Naugh­ten has been in touch with ethics body

Ex-min­is­ter has sup­plied a list of dates of his pri­vate meet­ings with bil­lion­aire

The Irish Mail on Sunday - - NEWS - By Va­lerie Han­ley va­lerie.han­ley@mailon­sun­

FOR­MER com­mu­ni­ca­tions min­is­ter De­nis Naugh­ten has pro­vided both the ethics watch­dog Sipo and the au­di­tor writ­ing an in­de­pen­dent re­port with a com­plete list of the dates he met with bil­lion­aire busi­ness­man David McCourt.

Mr McCourt was the head of the fi­nal con­sor­tium bid­ding to sup­ply broad­band to ru­ral Ire­land un­der the Na­tional Broad­band Plan.

The reve­la­tion that he had had sev­eral pri­vate, un­min­uted meet­ings with the min­is­ter in charge of the plan forced Mr Naugh­ten to re­sign last month and placed the fu­ture of the plan in doubt.

Sources told the Ir­ish Mail on Sun­day that Mr Naugh­ten had been in con­tact with the Stan­dards in Pub­lic Of­fice Com­mis­sion (Sipo). Asked this week whether or not Sipo was re­view­ing the se­cret meet­ings be­tween Mr Naugh­ten and mil­lion­aire busi­ness­man Mr McCourt, a spokes­woman said Sipo never com­mented on in­ves­ti­ga­tions. It comes as an in­de­pen­dent re­port is due this week on whether the mul­ti­mil­lion-euro ten­der process to pro­vide ru­ral Ire­land with high­speed in­ter­net ac­cess was com­pro­mised.

Mr Naugh­ten, the in­de­pen­dent Gal­way Roscom­mon TD, claims that be­fore he re­signed from Cab­i­net last month he in­formed the Taoiseach about the meet­ings with the lead bid­der for the na­tional broad­band ser­vice.

Yet the Taoiseach was still re­fus­ing this week­end to re­veal when these en­coun­ters took place.

The Ir­ish Mail on Sun­day has re­peat­edly asked since Oc­to­ber for the dates of these meet­ings. The tim­ing of these en­coun­ters is sig­nif­i­cant given that con­tracts were awarded to McCourt’s firm Enet with­out it hav­ing to go through a ten­der­ing process.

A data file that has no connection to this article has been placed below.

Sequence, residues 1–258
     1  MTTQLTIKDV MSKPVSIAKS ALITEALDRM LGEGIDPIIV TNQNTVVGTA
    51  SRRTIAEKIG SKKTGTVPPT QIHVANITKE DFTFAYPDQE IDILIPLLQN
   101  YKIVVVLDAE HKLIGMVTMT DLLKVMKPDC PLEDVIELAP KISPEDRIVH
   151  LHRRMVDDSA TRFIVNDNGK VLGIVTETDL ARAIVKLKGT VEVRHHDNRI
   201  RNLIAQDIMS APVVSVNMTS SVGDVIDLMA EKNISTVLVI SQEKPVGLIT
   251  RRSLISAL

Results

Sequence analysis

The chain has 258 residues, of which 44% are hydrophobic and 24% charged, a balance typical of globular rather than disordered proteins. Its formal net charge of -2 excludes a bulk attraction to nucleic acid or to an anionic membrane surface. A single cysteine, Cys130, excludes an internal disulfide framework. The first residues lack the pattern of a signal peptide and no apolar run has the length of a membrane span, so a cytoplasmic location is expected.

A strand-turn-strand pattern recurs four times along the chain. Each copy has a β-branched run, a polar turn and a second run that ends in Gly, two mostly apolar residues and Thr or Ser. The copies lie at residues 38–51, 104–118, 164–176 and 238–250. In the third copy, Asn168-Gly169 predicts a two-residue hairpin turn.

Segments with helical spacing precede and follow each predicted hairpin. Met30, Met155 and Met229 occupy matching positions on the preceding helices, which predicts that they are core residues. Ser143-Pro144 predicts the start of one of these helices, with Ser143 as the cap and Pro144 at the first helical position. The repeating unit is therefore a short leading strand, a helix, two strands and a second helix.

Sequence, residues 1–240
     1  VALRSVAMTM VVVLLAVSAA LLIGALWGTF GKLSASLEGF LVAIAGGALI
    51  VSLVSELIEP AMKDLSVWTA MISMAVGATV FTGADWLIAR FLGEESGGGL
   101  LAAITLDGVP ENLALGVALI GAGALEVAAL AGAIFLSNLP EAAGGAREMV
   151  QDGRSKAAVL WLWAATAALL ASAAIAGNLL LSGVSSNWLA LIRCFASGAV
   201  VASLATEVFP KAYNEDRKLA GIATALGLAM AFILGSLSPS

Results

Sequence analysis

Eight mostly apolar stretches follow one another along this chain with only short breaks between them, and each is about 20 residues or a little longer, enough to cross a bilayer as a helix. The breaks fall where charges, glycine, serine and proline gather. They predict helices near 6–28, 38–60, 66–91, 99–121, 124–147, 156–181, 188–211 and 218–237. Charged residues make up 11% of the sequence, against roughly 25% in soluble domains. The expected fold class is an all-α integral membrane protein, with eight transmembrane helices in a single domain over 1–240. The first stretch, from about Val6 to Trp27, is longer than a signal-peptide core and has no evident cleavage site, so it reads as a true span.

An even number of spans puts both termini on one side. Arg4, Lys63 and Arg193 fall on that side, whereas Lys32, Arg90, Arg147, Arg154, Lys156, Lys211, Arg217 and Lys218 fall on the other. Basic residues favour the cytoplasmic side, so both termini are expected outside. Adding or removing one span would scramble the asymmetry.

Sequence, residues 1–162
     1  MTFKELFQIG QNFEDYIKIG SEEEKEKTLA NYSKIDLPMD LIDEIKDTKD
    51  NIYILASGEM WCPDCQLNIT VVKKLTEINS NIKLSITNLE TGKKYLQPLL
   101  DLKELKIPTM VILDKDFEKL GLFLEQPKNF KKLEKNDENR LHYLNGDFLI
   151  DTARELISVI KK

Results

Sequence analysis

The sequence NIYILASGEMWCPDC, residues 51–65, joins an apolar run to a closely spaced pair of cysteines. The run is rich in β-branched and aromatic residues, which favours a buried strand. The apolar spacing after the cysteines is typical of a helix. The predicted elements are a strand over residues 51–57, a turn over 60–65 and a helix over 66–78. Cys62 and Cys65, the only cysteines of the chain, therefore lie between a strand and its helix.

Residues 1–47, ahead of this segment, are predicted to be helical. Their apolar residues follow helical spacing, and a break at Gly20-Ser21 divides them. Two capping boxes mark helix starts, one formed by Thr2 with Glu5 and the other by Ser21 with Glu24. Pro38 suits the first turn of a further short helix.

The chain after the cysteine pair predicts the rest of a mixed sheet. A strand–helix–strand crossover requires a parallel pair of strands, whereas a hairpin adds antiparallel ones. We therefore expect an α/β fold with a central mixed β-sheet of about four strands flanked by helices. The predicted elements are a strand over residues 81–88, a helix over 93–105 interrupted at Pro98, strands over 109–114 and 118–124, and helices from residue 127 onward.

But when a list of ques­tions was sub­mit­ted again this week­end to the Taoiseach’s of­fice, that of­fice re­fused to pro­vide a re­ply.

Mr Naugh­ten would not com­ment and a spokes­woman for Sipo would only say that it could nei­ther con­firm or deny that it was mak­ing sep­a­rate en­quiries.

Mean­while, se­ri­ous ques­tions have been raised about the Gov­ern­ment’s much-pro­moted plan to pro­vide broad­band in ru­ral parts of the coun­try by con­nect­ing hun­dreds of thou­sands of house­holds to a fi­bre-op­tic net­work.

The cost of do­ing so has spi­ralled from an orig­i­nal es­ti­mate of €500m to an es­ti­mated €3bn. Ex­perts have told the MoS they be­lieve it could cost as much as €5bn.

They also pre­dict that by the time a fi­bre-op­tic net­work is in­stalled na­tion­wide, the tech­nol­ogy will have be­come ob­so­lete. Many be­lieve a newer tech­nol­ogy could be a cheaper, faster al­ter­na­tive.

An in­dus­try source said: ‘Any char­tered en­gi­neer spe­cial­is­ing in fi­bre-op­tics will tell you that the in­dus­try is rapidly evolv­ing, in so far as the net­work­ing equip­ment that pushes the data through the fi­bre-op­tic strands.

‘If Ire­land were to hold back for just two years, we could sig­nif­i­cantly re­duce the cost of the ten­der be­cause the same equip­ment would be cheaper.

‘More to the point, fixed wire­less tech­nol­ogy will prob­a­bly beat fi­bre when mea­sured in terms of de­ploy­ment time­lines. It will be com­ing to mar­ket within the two years.’

Taoiseach’s of­fice re­fused to an­swer

De­nis Naugh­ten

forced to re­sign:

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